Front Page Titles (by Subject) SCENE V. - The Works of Christopher Marlowe, vol. 2
SCENE V. - Christopher Marlowe, The Works of Christopher Marlowe, vol. 2 
The Works of Christopher Marlowe, ed. A.H. Bullen (London: John C. Nimmo, 1885). Vol. 2.
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- Yet, lusty lords, I have escaped your hands,
- Your threats, your larums, and your hot pursuits;
- And though divorcèd from King Edward's eyes,
- Yet liveth Pierce of Gaveston unsurprised,
- Breathing, in hope (malgrado all your beards,
- That muster rebels thus against your king),
- To see his royal sovereign once again.
- Enter the Nobles.
- Upon him, soldiers, take away his weapons.
- Thou proud disturber of thy country's peace,
- Corrupter of thy king; cause of these broils,
- Base flatterer, yield! and were it not for shame,
- Shame and dishonour to a soldier's name,
- Upon my weapon's point here should'st thou fall,
- And welter in thy gore.
- Monster of men!
- That, like the Greekish strumpet, trained to arms
- And bloody wars so many valiant knights;
- Look for no other fortune, wretch, than death!
- King Edward is not here to buckler thee.
- Lancaster, why talk'st thou to the slave?
- Go, soldiers, take him hence, for, by my sword,
- His head shall off: Gaveston, short warning
- Shall serve thy turn. It is our country's cause,
- That here severely we will execute
- Soldiers, have him away;—
- But for thou wert the favourite of a king,
- Thou shalt have so much honour at our hands —
- I thank you all, my lords: then I perceive,
- That heading is one, and hanging is the other,
- And death is all.
- EnterEarl OfArundel.
- How now, my lord of Arundel?
- My lords, King Edward greets you all by me.
- Arundel, say your message.
- His majesty,
- Hearing that you had taken Gaveston,
- Entreateth you by me, yet but he may
- See him before he dies; for why, he says,
- And sends you word, he knows that die he shall;
- And if you gratify his grace so far,
- He will be mindful of the courtesy.
- Renowmèd Edward, how thy name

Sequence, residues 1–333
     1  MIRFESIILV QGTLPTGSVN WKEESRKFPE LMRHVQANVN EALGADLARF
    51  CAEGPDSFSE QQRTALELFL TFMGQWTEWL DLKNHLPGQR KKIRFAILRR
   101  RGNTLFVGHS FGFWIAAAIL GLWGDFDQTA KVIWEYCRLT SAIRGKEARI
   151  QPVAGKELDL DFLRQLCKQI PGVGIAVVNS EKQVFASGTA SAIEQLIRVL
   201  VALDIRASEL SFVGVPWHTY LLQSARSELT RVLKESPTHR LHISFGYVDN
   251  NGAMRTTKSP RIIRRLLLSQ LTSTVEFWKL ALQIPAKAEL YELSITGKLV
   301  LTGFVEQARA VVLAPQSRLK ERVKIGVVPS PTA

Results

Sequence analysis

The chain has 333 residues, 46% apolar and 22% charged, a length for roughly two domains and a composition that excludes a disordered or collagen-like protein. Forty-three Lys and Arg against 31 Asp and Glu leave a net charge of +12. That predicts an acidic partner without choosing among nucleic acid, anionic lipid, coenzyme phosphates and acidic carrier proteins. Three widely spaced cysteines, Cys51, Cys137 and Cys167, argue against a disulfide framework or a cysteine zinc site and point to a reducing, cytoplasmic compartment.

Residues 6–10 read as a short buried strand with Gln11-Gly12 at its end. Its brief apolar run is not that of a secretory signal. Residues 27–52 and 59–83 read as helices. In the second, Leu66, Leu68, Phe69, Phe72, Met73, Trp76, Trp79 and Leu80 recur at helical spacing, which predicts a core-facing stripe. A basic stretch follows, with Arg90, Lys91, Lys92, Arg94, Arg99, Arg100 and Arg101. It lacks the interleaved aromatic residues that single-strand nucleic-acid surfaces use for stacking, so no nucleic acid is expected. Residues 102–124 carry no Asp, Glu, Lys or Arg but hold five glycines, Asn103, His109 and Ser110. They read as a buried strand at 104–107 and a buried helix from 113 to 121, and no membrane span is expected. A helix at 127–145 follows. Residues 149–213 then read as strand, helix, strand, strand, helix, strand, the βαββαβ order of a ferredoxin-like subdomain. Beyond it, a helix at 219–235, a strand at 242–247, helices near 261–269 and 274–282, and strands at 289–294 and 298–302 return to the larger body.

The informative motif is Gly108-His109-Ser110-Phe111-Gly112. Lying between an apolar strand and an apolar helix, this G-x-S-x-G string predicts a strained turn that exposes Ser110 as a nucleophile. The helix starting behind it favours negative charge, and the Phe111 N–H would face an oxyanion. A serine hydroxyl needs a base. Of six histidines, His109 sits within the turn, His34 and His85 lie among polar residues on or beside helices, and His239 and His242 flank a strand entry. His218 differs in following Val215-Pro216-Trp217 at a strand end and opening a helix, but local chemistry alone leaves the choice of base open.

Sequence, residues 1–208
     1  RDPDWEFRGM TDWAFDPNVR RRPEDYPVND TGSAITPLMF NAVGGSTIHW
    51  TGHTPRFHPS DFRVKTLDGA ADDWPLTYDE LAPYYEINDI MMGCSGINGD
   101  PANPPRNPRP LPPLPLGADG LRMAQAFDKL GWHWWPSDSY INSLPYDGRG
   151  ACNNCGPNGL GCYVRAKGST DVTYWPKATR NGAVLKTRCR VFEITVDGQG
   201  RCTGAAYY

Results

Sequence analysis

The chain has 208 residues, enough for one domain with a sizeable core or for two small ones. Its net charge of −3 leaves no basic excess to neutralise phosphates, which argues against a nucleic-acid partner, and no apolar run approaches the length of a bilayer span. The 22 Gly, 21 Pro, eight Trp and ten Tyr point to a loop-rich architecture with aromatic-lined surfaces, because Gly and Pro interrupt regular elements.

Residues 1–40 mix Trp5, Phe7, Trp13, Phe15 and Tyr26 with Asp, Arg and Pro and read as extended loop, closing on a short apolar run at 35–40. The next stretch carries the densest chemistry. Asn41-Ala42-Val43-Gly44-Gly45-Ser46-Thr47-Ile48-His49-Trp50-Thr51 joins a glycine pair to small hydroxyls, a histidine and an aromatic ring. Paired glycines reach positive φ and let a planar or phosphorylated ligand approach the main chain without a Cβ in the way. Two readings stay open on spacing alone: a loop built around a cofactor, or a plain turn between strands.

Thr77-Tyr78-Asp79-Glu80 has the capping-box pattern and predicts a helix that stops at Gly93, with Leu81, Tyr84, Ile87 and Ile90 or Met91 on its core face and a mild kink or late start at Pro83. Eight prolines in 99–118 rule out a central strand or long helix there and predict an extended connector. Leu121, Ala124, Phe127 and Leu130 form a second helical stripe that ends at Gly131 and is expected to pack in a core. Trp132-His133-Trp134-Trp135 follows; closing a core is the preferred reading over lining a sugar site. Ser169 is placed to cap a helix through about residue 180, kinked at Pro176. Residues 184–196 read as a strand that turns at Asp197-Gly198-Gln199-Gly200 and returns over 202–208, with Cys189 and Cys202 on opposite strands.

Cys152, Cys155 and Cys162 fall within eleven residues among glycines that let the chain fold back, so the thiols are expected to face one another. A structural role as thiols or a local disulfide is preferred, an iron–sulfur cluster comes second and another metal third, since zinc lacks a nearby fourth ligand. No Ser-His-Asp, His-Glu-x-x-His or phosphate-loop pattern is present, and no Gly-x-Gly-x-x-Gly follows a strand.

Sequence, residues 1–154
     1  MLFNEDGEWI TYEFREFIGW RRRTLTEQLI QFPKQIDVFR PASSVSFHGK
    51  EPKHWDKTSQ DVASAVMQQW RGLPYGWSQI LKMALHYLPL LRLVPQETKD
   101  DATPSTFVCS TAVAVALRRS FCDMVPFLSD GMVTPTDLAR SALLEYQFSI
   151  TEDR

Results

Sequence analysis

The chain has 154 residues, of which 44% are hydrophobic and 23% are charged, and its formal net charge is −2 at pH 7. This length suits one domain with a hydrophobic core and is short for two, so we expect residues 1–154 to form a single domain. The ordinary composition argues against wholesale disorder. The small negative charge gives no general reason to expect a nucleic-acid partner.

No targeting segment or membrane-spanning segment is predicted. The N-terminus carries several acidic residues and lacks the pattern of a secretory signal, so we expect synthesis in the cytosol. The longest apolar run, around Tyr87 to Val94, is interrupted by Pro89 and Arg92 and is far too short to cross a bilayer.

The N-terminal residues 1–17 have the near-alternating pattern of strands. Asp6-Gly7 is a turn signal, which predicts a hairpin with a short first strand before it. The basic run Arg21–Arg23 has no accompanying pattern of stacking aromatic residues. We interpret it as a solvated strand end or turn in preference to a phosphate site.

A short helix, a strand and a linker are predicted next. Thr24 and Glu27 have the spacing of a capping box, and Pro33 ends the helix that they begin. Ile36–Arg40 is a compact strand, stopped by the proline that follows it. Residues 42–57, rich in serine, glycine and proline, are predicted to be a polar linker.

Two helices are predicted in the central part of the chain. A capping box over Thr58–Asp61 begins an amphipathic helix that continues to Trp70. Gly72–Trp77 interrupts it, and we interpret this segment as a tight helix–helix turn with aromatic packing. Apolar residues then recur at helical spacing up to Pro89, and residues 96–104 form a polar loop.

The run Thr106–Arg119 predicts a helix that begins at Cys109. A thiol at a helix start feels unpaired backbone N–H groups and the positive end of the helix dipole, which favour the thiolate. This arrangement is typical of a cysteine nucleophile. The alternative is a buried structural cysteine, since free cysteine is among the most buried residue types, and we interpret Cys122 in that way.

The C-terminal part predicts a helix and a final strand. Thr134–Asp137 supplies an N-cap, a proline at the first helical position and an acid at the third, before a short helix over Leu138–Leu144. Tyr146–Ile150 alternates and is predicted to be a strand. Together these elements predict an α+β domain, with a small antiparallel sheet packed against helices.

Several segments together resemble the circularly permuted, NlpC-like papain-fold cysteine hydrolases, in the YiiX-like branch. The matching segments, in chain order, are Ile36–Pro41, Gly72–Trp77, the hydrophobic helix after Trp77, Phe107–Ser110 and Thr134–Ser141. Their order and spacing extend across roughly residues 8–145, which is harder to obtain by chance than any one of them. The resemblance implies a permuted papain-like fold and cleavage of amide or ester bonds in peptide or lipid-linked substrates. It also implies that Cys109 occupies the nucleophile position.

- Revives poor Gaveston!
- No, it needeth not;
- Arundel, we will gratify the king
- In other matters; he must pardon us in this.
- Soldiers, away with him!
- Why, my lord of Warwick,
- Will not these delays beget my hopes?
- I know it, lords, it is this life you aim at,
- Yet grant King Edward this.
- Shalt thou appoint
- What we shall grant? Soldiers, away with him:
- Thus we'll gratify the king,
- We'll send his head by thee; let him bestow
- His tears on that, for that is all he gets
- Of Gaveston, or else his senseless trunk.
- Not so, my lords, lest he bestow more cost
- In burying him than he hath ever earned.
- My lords, it is his majesty's request,
- And in the honour of a king he swears,
- He will but talk with him, and send him back.
- When? can you tell? Arundel, no; we wot,
- He that the care of his realm remits,
- And drives his nobles to these exigents
- For Gaveston, will, if he seize him once,
- Violate any promise to possess him.
- Then if you will not trust his grace in keep,
- My lords, I will be pledge for his return.
- 'Tis honourable in thee to offer this;
- But for we know thou art a noble gentleman,
- We will not wrong thee so, to make away
- A true man for a thief.
- How mean'st thou, Mortimer? that is over-base.
- Away, base groom, robber of king's renown!
- Question with thy companions and mates.
- My Lord Mortimer, and you, my lords, each one,
- To gratify the king's request therein.
- Touching the sending of this Gaveston,
- Because his majesty so earnestly
- Desires to see the man before his death,
- I will upon mine honour undertake
- To carry him, and bring him back again;
- Provided this, that you my lord of Arundel
- Will join with me.
- Pembroke, what wilt thou do?
- Cause yet more bloodshed? is it not enough
- That we have taken him, but must we now
- Leave him on “had I wist,” and let him go?
- Pem, My lords, I will not over-woo your honours,
- But if you dare trust Pembroke with the prisoner,
- Upon mine oath, I will return him back.
- My lord of Lancaster, what say you in this?
- Why, I say, let him go on Pembroke's word.
- How say you, my lord of Warwick?
- Nay, do your pleasures, I know how'twill prove.
- Sweet sovereign, yet I come
- To see thee ere I die.
- Yet not perhaps,
- If Warwick's wit and policy prevail.
- My lord of Pembroke, we deliver him you;
- Return him on your honour. Sound, away!
- [Exeunt all butPembroke, Arundel,Gaveston, andPembroke'S Men.
- My lord [of Arundel], you shall go with me.
- My house is not far hence; out of the way
- A little, but our men shall go along.
- We that have pretty wenches to our wives,
- Sir, must not come so near to baulk their lips.
- 'Tis very kindly spoke, my lord of Pembroke;
- Your honour hath an adamant of power
- To draw a prince.
- So, my lord. Come hither, James:
- I do commit this Gaveston to thee,
- Be thou this night his keeper, in the morning
- Unhappy Gaveston, whither goest thou now?
- [Exit withJamesandPembroke'S Men.
- My lord, we'll quickly be at Cobham.
ACT THE THIRD.
- “Will now these short delays beget my hopes?”